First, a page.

Words matter. So long as newsrooms see themselves as “newspapers,” the needs of that medium will dictate the organization’s production process. And things like online community management will be left to automated tools, and, maybe, a few supplemental staffers.

I’m not arguing that newsrooms should stop printing papers. They should continue, as they should offer their work in any medium for which there is significant public demand. But the day quickly approaches when successful news businesses will liberate themselves from the term “newspaper company.”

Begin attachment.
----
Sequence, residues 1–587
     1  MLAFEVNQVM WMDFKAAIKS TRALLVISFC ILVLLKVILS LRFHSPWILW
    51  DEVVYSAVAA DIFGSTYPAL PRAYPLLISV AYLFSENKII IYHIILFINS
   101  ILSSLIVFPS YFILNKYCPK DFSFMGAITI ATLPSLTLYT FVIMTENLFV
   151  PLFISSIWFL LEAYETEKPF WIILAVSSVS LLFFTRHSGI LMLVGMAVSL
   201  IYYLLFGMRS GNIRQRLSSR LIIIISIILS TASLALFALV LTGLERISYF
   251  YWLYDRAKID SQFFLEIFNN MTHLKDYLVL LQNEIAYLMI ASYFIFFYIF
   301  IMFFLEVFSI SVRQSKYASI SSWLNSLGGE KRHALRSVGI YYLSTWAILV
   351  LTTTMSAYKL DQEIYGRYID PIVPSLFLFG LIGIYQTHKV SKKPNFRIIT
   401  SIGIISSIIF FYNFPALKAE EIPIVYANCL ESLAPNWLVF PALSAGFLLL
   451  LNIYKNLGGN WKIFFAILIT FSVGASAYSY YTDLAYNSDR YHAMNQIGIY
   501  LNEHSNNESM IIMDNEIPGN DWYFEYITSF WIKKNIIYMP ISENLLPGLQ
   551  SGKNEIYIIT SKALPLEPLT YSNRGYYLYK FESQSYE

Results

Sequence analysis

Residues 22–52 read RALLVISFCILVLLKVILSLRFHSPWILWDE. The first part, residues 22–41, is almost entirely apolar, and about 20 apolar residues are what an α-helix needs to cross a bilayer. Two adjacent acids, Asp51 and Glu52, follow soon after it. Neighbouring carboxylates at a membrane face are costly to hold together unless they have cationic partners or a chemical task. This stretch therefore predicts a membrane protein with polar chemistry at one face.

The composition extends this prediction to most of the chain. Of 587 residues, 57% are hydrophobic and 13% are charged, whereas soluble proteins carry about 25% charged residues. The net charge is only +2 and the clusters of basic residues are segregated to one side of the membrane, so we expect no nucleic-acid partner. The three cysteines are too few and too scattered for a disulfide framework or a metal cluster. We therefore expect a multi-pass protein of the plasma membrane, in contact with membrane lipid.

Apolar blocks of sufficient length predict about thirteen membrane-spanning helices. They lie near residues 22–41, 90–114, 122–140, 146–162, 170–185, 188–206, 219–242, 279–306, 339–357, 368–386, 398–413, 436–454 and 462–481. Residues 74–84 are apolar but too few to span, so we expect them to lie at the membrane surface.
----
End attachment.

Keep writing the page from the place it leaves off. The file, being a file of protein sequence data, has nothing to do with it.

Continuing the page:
Only then can they end their focus on the old way of doing things and fully accept the possibility of a completely new one. One where reporters become as mildly concerned with production of a printed newspaper product as they have been with the production of the online one until now.

Great content and great tools are not enough to build the large, habitual audience that content publishers will need to maximize their opportunities to make money online, through advertising and sales. Even more than those two things, a website needs great engagement with its readers. And engagement with the public is something that’s been budgeted out of too many newsrooms over the past generation.

It’s time to bring that back. It’s time to do that online. And if a beloved label needs to be sacrificed to inspire the innovation that will enable this effort, so be it. It’s time for the “newspaper” industry to die. Because we all need the news industry to survive.